Critically evaluating all the evidence and sources that you use is a fundamental aspect of all research. You must understand the difference between primary and secondary sources and their uses. You must also know how to distinguish between popular, trade and scholarly or peer-reviewed sources. Once you can do that, just because you found something on the Internet or in a popular source doesn't necessarily mean it can't be used for scholarly research - use the CRAAP test to determine if it is credible and relevant. Just because something was published in a peer-reviewed journal doesn't mean you can't find its weaknesses - deconstruct journal articles to read them critically. Watch this video on evaluating sources and then explore the other tabs on this page to learn more.
You will likely see four different types of information when doing research for your classes:
Popular: Popular articles are typically published in magazines that are for sale in bookstores or supermarket newsstands or, when online, on webpages, blogs or social media. They are written and published quickly by people with little or no expertise or credentials.They rarely contain specialized vocabulary or intent to empirically prove their claims. They are usually not suitable sources for scholarly research, but depending on the context of their use, they might be.
Trade: Trade articles are written by people who are experienced (often very experienced) in their field of employment. They are written for other members of that profession. They often contain specialized vocabulary, appropriate for members of the profession in question. But these articles are written and published quickly in magazines that are sold in popular outlets. They are often not peer-reviewed (see below) and their authors normally do not empirically prove their statements with evidence. Like popular sources, trade articles are usually not suitable sources for scholarly research.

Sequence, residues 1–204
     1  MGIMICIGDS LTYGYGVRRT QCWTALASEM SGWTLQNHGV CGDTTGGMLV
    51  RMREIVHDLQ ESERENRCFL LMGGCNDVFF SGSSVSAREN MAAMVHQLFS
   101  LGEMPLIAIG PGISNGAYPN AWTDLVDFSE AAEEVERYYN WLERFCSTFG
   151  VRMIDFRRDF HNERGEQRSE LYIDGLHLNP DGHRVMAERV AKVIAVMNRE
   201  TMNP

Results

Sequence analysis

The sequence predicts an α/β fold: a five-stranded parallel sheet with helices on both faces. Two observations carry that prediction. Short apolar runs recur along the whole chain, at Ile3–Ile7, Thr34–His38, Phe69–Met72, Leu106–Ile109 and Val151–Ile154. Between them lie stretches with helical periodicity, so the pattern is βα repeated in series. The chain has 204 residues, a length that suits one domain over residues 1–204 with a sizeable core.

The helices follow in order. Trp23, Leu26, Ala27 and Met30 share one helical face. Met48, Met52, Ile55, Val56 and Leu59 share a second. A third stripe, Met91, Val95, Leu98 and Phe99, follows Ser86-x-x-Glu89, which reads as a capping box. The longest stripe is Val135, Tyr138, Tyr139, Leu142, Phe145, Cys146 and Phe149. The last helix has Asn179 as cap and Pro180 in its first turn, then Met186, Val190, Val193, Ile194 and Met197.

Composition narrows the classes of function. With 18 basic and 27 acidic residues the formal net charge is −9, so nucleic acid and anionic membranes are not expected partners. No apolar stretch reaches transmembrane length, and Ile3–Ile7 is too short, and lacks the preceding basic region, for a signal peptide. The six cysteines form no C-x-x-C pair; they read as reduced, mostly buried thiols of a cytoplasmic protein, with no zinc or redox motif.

Scholarly: Scholarly materials are written by experts with credentials in their field, typically Ph.D.'s, J.D.'s or M.D.'s. The content and claims in scholarly articles are always supported by primary sources, such as experiments (in the sciences) or diaries (in the humanities). They also often contain detailed analysis of related, previously published secondary sources. These primary and secondary sources are cited in footnotes and a bibliography. A scholarly article is written slowly and requires much research. It is normally published in a journal. Journals are typically only available in universities and libraries.
Peer-reviewed: A peer-reviewed article is a scholarly article that has been evaluated and judged meritorious by other experts in the field. The author of the article submits it for publication and the experts read and evaluate its methodology, analysis and conclusions. Peer review is the most reliable form of scholarship. Journals that contain articles that are evaluated by a board of expert editors are called peer-reviewed journals.
How to Identify Different Types of Periodicals at a Glance
|Color covers||Plain cover, plain paper (most often)|